NEW DRP Survey/Water Collaborative Notes/Hillhurst Sunnyside Notes/More Info on Stampede Flood Walls.

March 24, 2014 by CRC Action Group in News



Files are being closed and cheques are being issued. We are hearing lots from our members on this and it is important that we collate information on this quickly. Please click on this link to access the Survey. Please also forward the Survey to anyone who has a DRP file.


Water Collaborative Notes


The Water Collaborative meets monthly to review and comment on Government of Alberta and Municipal mitigation plans.


Notes from Water Collaborative Meeting / Wednesday, March 12


Groups present at this meeting:

Government of Alberta – Flood Recovery Task Force (FRTF)

City of Calgary

Ghost Lake

Town of High River

Hillhurst-Sunnyside Residents’ Association

Calgary River Communities Action Group


Town of Okotoks

City of Medicine hat


Government of Alberta – Environment & Sustainable Resource Development (ESRD)


Municipal District of Foothills

Eastern Irrigation District


Andre Corbould’s update:

Andre encourages people to share spring runoff advisory information from the Province, then presents slides showing the Ministerial Task Force org. chart after cabinet shuffle and our four recovery elements.


Rumour control – Andre addresses some rumours that are not true:

The only decisions made are the ones publicly announced. There is no decision on Highwood river diversion route.

Transition plan for FRTF – we are not closing down the task force. Secondments are extended until July. Actively working on transition plans to transition work to home ministries like ESRD and Municipal Affairs.


Robust discussion on public safety and big focus on spring readiness to make sure people understand how we are preparing for spring melt. Example is funding for municipalities to purchase equipment.


Andre runs through timelines on upcoming consultant reports, ongoing spring readiness info sessions, and watershed management symposium.


Gives overview of some of the mitigation requests we are currently considering, including High River, Calgary, and Black Diamond.


EQ1 and BG1 on the ghost are being assessed as a priority. Consultation has begun and is in progress but will continue throughout the spring. Andre gives overview of some of the information available on our website, including the flood mitigation project map.


Other updates:

Andrew Wilson (FRTF) presents on the FRTF’s trip to tour Ohio dry dams. Andrew notes there were 5 dams built between 1918 and 1922, built to 1:500 plus 40% level and they have never filled to max capacity. They are paid for by special levy on property tax by homeowners who benefit from the dam. Andrew notes the difference between dry and wet dams, that dry dams are simpler, eliminate operating decisions about when to release water.


When dry dam is “wet”, must actively manage debris. Need to access inlet during flood event. Full service wet dams offer more flexibility but come with greater operations complexity. Using floodplain more effectively works better than multiple pieces of infrastructure. Chief engineer from Ohio says dam can rise 15 – 20 feet in a day during a flood event. He also notes environmental impact is minimal because river flows normally most of the time, only held back during flood event.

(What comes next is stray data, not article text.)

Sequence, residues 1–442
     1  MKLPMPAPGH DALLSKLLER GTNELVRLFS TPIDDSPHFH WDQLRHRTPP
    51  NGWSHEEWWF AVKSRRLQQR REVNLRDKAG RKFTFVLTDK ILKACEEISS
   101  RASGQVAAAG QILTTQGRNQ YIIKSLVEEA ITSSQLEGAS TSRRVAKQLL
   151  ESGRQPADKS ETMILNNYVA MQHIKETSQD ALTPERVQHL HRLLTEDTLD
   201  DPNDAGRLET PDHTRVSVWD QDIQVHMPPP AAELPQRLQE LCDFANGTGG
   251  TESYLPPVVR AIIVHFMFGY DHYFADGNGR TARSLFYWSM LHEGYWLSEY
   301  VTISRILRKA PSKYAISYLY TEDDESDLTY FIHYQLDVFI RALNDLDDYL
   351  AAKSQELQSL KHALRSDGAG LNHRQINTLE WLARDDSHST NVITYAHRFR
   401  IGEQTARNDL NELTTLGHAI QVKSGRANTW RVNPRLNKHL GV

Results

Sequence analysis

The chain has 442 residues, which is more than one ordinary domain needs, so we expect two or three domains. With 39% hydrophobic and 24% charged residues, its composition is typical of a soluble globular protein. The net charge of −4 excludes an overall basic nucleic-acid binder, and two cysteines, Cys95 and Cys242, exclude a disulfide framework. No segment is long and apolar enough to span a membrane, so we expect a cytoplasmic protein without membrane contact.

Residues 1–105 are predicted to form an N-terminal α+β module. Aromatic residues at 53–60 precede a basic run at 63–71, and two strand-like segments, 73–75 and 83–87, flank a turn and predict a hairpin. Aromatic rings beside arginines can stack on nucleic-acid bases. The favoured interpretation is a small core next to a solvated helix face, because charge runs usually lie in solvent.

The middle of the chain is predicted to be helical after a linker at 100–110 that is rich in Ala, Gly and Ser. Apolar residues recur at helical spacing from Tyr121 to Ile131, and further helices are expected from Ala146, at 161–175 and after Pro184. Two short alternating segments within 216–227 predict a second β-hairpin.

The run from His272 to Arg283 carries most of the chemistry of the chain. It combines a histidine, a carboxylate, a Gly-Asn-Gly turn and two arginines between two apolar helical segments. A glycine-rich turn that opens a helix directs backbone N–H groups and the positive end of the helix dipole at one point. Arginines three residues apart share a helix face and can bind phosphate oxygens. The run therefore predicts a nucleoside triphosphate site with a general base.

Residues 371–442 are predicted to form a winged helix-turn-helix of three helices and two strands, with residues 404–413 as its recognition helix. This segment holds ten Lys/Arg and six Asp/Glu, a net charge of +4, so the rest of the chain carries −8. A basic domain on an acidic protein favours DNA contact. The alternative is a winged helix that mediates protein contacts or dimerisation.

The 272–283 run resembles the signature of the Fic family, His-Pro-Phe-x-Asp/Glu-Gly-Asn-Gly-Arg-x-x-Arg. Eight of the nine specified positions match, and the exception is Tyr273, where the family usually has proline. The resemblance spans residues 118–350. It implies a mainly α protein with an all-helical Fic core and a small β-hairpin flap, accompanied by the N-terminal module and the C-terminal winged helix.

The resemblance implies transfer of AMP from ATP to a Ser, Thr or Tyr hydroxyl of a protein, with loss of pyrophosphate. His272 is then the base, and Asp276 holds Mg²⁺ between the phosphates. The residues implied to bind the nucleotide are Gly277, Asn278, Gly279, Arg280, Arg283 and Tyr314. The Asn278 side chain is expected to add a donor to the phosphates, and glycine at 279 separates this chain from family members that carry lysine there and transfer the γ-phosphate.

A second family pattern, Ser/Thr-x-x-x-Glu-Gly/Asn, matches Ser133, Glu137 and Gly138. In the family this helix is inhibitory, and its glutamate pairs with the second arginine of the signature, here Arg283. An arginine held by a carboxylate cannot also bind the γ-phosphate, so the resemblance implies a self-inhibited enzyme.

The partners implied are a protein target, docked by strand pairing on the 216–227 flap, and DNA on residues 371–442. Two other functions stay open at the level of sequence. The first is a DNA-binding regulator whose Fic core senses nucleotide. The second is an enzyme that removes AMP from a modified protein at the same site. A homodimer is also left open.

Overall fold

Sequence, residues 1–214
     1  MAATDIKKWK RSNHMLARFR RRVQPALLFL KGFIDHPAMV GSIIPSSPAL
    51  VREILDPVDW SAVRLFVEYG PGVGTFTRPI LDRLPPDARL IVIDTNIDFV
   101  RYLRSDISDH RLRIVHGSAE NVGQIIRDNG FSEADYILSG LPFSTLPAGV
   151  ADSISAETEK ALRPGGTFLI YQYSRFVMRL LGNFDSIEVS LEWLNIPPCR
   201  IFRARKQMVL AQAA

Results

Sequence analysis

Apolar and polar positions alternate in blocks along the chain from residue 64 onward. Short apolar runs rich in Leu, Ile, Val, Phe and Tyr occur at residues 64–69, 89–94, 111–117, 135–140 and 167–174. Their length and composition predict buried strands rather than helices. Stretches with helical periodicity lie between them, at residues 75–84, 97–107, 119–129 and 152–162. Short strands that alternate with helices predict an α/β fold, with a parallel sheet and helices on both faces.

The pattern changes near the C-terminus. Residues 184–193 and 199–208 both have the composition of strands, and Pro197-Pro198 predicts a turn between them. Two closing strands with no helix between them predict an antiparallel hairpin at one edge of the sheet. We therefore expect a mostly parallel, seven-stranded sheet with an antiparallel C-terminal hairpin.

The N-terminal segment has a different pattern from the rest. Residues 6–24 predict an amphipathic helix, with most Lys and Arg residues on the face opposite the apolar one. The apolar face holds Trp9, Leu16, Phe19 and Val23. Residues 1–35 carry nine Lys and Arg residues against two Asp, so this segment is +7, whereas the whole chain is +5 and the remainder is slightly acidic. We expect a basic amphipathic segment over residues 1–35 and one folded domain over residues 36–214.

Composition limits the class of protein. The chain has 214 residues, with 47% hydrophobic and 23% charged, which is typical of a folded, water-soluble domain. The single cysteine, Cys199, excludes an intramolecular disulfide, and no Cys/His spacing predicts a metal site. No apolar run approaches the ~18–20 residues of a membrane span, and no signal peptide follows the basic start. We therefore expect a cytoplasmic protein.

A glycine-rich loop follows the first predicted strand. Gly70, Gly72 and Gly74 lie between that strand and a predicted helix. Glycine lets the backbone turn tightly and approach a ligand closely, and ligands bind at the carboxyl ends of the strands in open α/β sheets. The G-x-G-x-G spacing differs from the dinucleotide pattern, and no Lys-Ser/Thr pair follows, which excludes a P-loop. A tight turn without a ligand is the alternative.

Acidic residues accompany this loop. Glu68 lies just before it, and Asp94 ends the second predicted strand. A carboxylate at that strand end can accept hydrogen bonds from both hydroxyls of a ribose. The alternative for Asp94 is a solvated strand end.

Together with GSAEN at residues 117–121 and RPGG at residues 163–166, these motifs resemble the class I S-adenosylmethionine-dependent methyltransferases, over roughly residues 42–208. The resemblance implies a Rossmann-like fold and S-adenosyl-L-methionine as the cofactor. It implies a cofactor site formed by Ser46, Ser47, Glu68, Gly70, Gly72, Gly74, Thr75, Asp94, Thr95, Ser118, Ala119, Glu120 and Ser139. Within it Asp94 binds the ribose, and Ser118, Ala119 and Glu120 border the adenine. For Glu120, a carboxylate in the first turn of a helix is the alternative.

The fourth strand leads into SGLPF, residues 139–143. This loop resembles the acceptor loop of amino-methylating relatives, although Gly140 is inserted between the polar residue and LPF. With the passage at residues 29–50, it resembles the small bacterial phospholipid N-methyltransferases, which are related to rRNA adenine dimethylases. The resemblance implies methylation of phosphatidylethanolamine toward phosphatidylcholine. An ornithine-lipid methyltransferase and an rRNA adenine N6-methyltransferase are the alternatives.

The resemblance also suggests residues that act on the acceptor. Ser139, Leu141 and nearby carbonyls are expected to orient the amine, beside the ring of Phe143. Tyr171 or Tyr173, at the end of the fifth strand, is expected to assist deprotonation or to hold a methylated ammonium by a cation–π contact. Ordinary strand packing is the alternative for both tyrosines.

Cathy Maniego (FRTF) gives an update on a couple of potential holding sites in the Highwood basin.


Andre speaks about budget and the financial commitment over three years, approximately $700 million. Also federal budget had $200 million over 5 years for flood mitigation, but when split between provinces and first nations there won’t be too much money for Alberta.


Megan Van Ham (WaterSmart) presents on the Bow River Basin quarterly forum.


Objective is to assess mitigation options throughout the basin, including consequences of mitigation throughout entire watershed.

Will submit report to FRTF and share publicly at end of March.

Looking at natural, infrastructure and operational solutions with short, medium, and long term timing considerations.


Key question: What are we mitigation to? What should the target flow level be (CMS)?


Key themes: maximize natural capacity of watershed, getting out of way is only sure protection, don’t shift risks elsewhere, cost/benefit analysis.


Specifically notes impact of Glenmore reservoir level being taken down before flood. Big impact on flow rates on Elbow downstream.


Best possible forecast will make mitigation operations as effective as possible.


Also shows impact of regulated flows on Bow river if Transalta dam is operated to mitigate flood risk. Impact is not quite as significant and Glenmore / elbow ops.


Noted some assumed flow targets and mitigation required to get there. Mitigation solutions included operations for Transalta and Glenmore, as well as land management and wetland storage, and infrastructure solutions.


Find the WaterSmart Power Point Presentation  here:


Following presentation, Allan Markin notes that berms will eventually allow water under the gravel layer so you would flood, not over the top of the berm but underneath. Need to focus on upstream.


Question: Why was Ohio the model?

Answer from Andre: because Ohio has a long history of successful dry dams and notes it isn’t the only place we will go. Other ideas are under consideration as well.


Andrew speaks about watershed management symposium, notes agenda is still being developed but engineering consultants will present. Also, we are looking at keynote speakers. Communications will start to roll out end of next week. Allan asks if there will be timelines presented at symposium. Andre is hopeful there will be timelines.


Round Table:


City of Calgary – Starting feasibility study on underground diversion. Report to council end of June. Homeowner level mitigation tradeshow will not happen in spring. Third party organizer can’t pull it off in time.


City of Medicine Hat – Preliminary engineering model by end of March to address stormwater issue. Open houses March 24 and 25. Tender and construction on mitigation projects this summer, with projects coming online by 2016. They are concerned about bringing together provincial and local engineering reports so they can make effective decisions.